The general belief is that growth in FY20 will be more or less similar to that in FY19, on the back of large order wins in the past year. ( Abhijit Bhatlekar/Mint)
The general belief is that growth in FY20 will be more or less similar to that in FY19, on the back of large order wins in the past year. ( Abhijit Bhatlekar/Mint)

Why the IT industry in India may be staring at a decline in growth this fiscal

  • The note also that the banking and financial services vertical, a critical segment for the IT industry, is facing its own set of challenges
  • Growth challenges apart, the industry faces headwinds on the margins front

MUMBAI : What goes up must come down. India’s information technology (IT) exports are estimated to have risen 9.2% in FY19, faster than the 7.8% growth in the preceding fiscal, according to industry lobby group Nasscom. With major IT companies set to report FY19 results and provide an outlook for the new fiscal, a moot question is if growth rates will scale down.

After all, apart from the high base effect for some companies such as Tata Consultancy Services Ltd, the industry needs to contend with a global slowdown. This double whammy has already hit growth at Accenture Plc, which reported results for the quarter ended February late last month. The company’s financial year starts in September and ends in August.

In the quarter ended August 2018, Accenture had reported revenue growth of 11% in local currency terms. But this year, growth slowed to 9.5% and 9% in the first and second quarters, respectively. Based on its guidance for the rest of the year, growth is estimated at 8.5% and 7% in the third and fourth quarters, respectively.

“Accenture indicated that macro uncertainties remain and budgets for next year will grow but less than last year," analysts at Nomura Financial Advisory and Securities (India) Pvt. Ltd said in a 29 March note to clients. The fact that Accenture’s growth is dropping even in the March-August period, which coincides with a seasonally strong period for the sector, is a negative, the broker added.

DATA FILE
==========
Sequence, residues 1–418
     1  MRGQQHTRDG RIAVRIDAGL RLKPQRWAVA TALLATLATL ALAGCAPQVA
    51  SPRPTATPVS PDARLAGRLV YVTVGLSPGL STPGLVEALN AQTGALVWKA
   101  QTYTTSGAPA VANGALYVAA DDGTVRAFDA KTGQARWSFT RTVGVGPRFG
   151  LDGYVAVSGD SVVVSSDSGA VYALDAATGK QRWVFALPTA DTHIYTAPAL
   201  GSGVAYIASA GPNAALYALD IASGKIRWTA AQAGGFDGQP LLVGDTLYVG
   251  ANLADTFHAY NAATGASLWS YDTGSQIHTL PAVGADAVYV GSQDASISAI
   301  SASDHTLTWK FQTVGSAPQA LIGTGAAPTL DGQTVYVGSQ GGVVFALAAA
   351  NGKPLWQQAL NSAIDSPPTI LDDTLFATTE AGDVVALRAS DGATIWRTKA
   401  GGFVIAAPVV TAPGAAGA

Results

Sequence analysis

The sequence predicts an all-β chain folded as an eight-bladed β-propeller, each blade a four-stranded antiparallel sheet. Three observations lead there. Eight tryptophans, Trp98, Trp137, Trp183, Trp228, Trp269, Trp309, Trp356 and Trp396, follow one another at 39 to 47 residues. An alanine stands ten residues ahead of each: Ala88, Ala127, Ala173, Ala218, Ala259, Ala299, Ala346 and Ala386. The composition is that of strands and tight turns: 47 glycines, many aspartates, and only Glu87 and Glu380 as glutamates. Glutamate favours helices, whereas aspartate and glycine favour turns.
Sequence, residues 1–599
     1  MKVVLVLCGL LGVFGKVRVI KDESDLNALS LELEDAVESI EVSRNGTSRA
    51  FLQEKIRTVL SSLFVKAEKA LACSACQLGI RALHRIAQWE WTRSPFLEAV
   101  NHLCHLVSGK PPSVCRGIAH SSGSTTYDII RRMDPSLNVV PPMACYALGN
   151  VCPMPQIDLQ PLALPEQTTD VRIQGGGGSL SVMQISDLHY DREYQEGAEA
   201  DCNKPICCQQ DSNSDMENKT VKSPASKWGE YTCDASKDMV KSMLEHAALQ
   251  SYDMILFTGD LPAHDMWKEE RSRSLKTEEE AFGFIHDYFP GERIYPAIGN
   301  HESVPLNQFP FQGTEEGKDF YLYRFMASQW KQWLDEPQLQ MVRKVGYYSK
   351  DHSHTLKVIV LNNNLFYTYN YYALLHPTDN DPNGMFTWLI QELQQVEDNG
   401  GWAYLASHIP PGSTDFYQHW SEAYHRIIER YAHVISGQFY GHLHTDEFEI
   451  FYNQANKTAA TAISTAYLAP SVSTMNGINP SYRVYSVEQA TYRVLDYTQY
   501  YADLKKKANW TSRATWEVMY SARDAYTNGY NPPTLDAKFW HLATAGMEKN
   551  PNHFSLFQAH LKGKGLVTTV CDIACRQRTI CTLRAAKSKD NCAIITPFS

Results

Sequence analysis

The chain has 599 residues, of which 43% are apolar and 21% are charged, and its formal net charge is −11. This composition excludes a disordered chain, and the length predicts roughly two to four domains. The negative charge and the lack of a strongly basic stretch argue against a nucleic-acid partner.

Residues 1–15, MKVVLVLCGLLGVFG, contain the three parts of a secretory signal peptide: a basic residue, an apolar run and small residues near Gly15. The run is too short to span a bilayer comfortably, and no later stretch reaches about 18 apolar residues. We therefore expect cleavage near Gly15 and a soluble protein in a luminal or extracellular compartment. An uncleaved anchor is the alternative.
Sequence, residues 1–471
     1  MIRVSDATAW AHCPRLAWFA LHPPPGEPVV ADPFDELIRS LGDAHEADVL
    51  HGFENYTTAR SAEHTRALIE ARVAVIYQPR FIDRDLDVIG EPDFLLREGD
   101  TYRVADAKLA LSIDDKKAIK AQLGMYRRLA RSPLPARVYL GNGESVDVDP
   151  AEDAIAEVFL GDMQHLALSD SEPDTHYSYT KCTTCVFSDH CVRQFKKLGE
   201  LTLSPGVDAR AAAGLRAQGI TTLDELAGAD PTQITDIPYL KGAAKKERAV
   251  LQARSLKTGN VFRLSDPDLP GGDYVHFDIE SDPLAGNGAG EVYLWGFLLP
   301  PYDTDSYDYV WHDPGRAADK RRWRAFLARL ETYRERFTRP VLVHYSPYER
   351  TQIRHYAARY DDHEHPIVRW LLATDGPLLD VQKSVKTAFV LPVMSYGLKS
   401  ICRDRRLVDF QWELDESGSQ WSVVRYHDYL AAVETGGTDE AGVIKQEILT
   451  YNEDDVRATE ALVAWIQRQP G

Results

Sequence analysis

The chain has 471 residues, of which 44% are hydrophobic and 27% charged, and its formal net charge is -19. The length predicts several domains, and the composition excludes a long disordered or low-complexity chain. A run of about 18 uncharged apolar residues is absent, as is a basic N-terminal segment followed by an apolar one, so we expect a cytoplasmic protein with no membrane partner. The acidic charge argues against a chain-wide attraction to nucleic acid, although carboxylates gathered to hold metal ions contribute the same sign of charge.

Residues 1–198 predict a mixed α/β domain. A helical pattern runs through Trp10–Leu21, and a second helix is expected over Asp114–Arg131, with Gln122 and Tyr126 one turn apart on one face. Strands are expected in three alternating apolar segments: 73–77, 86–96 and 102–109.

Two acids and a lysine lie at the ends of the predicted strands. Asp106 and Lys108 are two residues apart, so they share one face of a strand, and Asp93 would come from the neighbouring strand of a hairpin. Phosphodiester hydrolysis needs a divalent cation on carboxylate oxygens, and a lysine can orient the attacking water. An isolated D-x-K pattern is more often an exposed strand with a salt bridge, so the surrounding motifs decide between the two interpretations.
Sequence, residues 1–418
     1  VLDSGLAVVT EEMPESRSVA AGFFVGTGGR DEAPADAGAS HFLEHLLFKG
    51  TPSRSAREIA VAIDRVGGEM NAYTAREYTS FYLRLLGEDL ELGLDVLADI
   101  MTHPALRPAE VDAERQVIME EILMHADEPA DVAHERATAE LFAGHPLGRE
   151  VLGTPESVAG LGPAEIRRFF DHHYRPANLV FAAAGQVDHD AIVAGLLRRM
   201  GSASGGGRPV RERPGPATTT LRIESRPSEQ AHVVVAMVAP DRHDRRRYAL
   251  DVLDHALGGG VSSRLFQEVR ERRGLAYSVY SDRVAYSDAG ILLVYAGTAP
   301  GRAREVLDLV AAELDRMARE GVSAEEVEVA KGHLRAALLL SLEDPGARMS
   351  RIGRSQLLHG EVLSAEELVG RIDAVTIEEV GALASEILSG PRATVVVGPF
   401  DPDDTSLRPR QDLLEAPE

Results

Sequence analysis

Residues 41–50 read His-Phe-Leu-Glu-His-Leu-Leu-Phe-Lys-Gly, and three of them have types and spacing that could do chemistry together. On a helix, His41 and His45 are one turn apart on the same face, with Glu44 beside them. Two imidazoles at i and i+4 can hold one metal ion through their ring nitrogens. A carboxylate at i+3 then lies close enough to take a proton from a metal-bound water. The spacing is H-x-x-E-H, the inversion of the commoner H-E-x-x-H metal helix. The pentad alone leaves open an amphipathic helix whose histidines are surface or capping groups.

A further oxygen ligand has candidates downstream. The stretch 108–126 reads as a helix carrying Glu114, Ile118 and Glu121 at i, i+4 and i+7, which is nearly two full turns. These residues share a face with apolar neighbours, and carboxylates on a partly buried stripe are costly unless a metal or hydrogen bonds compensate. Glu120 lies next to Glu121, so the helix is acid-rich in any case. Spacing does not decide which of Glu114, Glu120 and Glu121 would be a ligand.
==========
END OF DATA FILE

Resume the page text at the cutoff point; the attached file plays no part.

But such worries are missing from the Street’s estimates of FY20 growth as well as commentary by top IT companies. Both seem quite sanguine. The general belief is that growth in FY20 will be more or less similar to that in FY19, on the back of large order wins in the past year. “Benefit from strong deal flow and increasing digital deal sizes will be offset to some extent with slower spending growth in budgets in FY20. We expect broadly similar industry growth in FY20," analysts at Kotak Institutional Equities said in a 29 March note to clients.

The note also that the banking and financial services vertical, a critical segment for the IT industry, is facing its own set of challenges. The segment’s contribution to Accenture’s revenue has fallen sharply, with growth slowing to just 2% in the February 2019 quarter from 7% in the year-ago period. “Any replication of weak BFSI (banking, financial services and insurance)/Europe trends at tier-1 IT could be a risk to Street growth expectations," Nomura’s analysts said.


Apart from the uncertain macro conditions, Accenture’s growth has been hit because of a high base in the year-ago period. Growth of 10-11% was among the highest in recent years, as the chart shows. Likewise, for Indian companies such as Tata Consultancy Services Ltd, growth picked up materially in FY19 and represents a relatively high base as well. But for some such as Infosys Ltd, which is in the middle of a recovery, growth may well turn out to be a tad higher this fiscal.

Growth challenges apart, the industry faces headwinds on the margins front. The rupee has appreciated materially in recent months, which in itself is a large setback as far as profitability is concerned. Besides, thanks to increasing restrictions on visas in the US, the cost of delivering on-site services has increased. “Profitability will face the test of increasing cost on-site," said Kotak’s analysts.

Despite all of these challenges, most IT stocks are now trading at a 25-30% premium to their five-year median valuation multiples, according to JM Financial Institutional Securities Ltd. If growth rates do end up slowing down in FY20, so will these lofty valuations. After all, what goes up must come down.

mobis.p@livemint.com

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